Although somewhat more involved, the job of cleaning a speed well is made easier if the service station is well designed. Our all-in-one service stations are designed to be broken down quickly and easily so that nightly cleaning is a snap.
6. Clean soda guns:
You also need to be regularly cleaning and checking your soda guns. Because soda guns are serving many sugary drinks, they can get dirty pretty quickly. Furthermore, a poorly cleaned soda gun nozzle can negatively influence the flavor of the drinks you are serving.
You also want to clean the nozzle holder. Because soda guns tend to drip a little when they’re in the holder, that sugary residue can get sticky and gross, especially if left overnight. It’s a simple and quick job, but it can have a big impact on your work if you neglect it.
7. Clean and empty the garnish tray:
A good garnish tray is essential for drink service. For high-end cocktails, the presentation is important. Furthermore, if you are a bar that specializes in mixology, customers are likely to be eager to watch your bartenders prepare their drink.
At the end of the night, make sure to either store or throw away any garnishes that haven’t been used. Next, run your garnish tray through the dishwasher and replace it so that it is ready for service the next day.
8. Clean any back bar food service solutions:
Not every back bar includes food service solutions. However, in some places, deep fryers and steam tables are part of the presentation.
If you have a deep fryer, you need to check the oil nightly, either replacing it or filtering. You also need to wash the baskets and whip down and clean the area around the fryer. This is crucial, as oil build up becomes exponentially harder to clean if it is left overnight.
If you have steam tables, you also need to make sure that they are drained and cleaned. Make sure to use sanitizing solution and then replace the water so that you are prepared for next day service.
9. Refill non-perishable disposables:
Many bars have napkins, stirrers, straws and toothpicks available for those sitting at the bar. You want to make sure that these service trays are clean and refilled.
There are some deeper cleaning tasks that don’t need to be done daily, but do need to be regularly scheduled. Many restaurants opt to add these items to their Sunday closing check lists.
1. Empty and clean reach-in coolers:
Reach-in coolers are used to store items that are often served but are perishable. Emptying and cleaning your cooler, therefore, serves two important purposes.
First, it lets you inspect all of the items that you have stored in there. They should have a prominently displayed freshness date. If it is time to remove those items from use, do so.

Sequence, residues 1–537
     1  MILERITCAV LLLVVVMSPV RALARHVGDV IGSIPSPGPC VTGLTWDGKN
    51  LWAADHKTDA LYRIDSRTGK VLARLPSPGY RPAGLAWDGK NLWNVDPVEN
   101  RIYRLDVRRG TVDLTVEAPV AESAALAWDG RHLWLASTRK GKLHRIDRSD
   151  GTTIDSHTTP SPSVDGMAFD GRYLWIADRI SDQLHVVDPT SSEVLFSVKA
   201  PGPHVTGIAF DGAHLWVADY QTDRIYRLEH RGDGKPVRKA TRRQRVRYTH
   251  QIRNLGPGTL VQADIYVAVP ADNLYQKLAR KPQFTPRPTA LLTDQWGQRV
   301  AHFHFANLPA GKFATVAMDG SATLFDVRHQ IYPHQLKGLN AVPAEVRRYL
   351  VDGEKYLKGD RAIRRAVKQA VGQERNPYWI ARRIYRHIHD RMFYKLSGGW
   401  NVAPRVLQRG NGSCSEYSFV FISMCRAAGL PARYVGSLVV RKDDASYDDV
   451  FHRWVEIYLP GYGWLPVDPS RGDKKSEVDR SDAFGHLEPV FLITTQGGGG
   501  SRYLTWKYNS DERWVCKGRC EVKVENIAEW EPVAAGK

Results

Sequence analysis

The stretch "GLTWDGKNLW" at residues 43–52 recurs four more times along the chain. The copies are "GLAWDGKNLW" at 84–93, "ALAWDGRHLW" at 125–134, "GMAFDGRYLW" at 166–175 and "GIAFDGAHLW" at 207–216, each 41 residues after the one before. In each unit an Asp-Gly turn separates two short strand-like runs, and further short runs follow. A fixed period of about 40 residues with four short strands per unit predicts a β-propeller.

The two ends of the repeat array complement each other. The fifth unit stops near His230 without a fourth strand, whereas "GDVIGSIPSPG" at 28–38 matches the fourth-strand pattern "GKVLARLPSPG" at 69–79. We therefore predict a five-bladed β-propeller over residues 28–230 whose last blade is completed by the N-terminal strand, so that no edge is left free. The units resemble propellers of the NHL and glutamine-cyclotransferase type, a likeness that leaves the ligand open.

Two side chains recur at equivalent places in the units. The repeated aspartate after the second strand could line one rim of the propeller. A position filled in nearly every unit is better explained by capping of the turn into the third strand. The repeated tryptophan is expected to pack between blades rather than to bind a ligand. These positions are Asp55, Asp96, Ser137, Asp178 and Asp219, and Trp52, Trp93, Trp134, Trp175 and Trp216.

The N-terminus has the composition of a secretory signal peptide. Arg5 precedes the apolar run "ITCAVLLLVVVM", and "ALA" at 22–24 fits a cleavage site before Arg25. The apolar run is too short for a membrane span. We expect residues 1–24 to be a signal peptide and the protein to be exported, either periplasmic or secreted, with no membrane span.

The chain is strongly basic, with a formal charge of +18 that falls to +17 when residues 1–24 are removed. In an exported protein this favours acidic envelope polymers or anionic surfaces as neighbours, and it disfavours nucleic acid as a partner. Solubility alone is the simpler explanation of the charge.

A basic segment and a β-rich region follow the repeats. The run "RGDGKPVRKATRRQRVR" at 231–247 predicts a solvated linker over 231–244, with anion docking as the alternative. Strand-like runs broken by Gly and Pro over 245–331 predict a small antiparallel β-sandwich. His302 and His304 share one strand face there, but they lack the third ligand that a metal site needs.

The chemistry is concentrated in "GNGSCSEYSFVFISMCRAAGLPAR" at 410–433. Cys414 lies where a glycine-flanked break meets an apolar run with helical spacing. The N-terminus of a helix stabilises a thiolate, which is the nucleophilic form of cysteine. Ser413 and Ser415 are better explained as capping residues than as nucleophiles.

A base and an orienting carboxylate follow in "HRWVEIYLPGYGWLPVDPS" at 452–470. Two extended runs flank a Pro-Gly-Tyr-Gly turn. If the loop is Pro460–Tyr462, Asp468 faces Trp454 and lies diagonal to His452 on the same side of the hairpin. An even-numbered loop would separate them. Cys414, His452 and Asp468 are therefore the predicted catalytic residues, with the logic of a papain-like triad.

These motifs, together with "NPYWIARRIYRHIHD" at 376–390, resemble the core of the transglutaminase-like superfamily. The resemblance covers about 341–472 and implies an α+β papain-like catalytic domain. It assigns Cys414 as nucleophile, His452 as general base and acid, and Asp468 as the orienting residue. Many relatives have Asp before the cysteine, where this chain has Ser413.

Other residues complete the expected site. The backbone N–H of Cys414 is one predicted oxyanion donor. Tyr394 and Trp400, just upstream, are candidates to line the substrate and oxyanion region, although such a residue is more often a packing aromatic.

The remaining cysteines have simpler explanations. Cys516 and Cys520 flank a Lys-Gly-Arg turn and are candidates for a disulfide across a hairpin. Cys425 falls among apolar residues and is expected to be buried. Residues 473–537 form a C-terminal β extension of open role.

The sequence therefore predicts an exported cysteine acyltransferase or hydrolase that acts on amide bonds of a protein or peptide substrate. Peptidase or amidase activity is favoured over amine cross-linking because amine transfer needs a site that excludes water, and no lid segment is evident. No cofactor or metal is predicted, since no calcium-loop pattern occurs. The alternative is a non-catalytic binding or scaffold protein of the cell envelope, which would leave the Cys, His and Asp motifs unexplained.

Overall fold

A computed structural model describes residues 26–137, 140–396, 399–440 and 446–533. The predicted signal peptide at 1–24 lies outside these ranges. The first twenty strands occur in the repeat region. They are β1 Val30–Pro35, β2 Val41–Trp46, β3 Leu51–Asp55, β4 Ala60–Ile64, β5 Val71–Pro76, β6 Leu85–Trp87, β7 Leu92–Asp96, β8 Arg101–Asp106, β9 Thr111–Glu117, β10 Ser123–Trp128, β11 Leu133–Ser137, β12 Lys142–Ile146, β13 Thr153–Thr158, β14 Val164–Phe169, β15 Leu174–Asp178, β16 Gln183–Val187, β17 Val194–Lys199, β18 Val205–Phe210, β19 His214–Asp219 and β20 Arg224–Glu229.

It also gives you a chance to wipe and sanitize the interior of your reach in cooler. Like your speed rail, small spills will build up over time. Getting in there and giving it a good clean is essential or you will soon have bigger problems on your hands.
Luckily, there are excellent stainless steel coolers, like ours, that are designed to be easy to access and, therefore, easy to clean.
2. Clean behind movable equipment:
Depending on how your service and storage equipment is installed, you may be able to move it and do a thorough cleaning behind it. This is a great way to address any hidden issues that may be attracting critters or otherwise hurting the cleanliness of your bar. Furthermore, grease buildup, if the equipment is near the deep fryer, can become a fire hazard if left untouched for an extended period of time.
Obviously, a good server isn’t going to be constantly spilling things behind equipment, but unfortunately, in a high-paced environment, the occasional spill or accident may go unaddressed in the moment. Put cleaning behind equipment into your weekly schedule so that you are sure to take care of a problem that may otherwise be forgotten and remain unseen.
3. Remove glassware and display bottles and clean shelves:
If you have a well-tended bar, you won’t need to remove and replace the bottles and glassware on display behind the bar every day. However, you should be doing this weekly or bi-weekly. You don’t want to pull out a specialty glass for a high-end drink only to find that that the rim is dusty or sticky.
4. Investigate bug prevention measures:
Hopefully, if you are doing everything else right, your insect and pest prevention measures will go unused. However, as a backup, they are important.
You need to put inspection of these preventative measures into your weekly schedule. If you’re doing well with all your other back bar cleaning checklist items, this will be a quick job that will just require a cursory visual inspection. However, even clean bars occasionally have a problem, and you want to catch it as soon as possible. A weekly inspection will ensure that someone doesn’t go unnoticed for too long.
5. Clean keg lines:
Different bars have different methods for making sure that their beer lines connecting kegs to taps are clean. However, regardless of how you do it, you need to do it regularly and sufficiently.
Because beers, especially more experimental craft beers, have a lot of yeast, the residue left in keg lines can quickly become a breeding ground for other microbes that will influence the quality of your beer.
While some beer specialty bars are sure to clear their lines with a solution followed by warm water every time they change a keg, you need to clean and flush your keg lines at least weekly. It’s a relatively easy job, but it has a big impact on the quality of your beer service.
Count On Perlick for Your Beer BAr Refrigeration & Dispensing Solutions
We offer a wide range of beer service solutions, catering to bars of every size. While there are common keg line cleaning techniques across all of them, there are also specifics that you need to pay attention to. Make sure to follow manufacturer cleaning recommendations, regardless of which solution you have installed in your bar.
Regardless of whether you are operating a 100 tap system or a hole-in-the-wall bar known only to locals, having a back bar cleaning checklist is a crucial best practice for keeping customers happy and loyal. Cleaning only gets easier with the right bar service solutions.
If you want to explore the best in bar service solutions, contact Perlick today!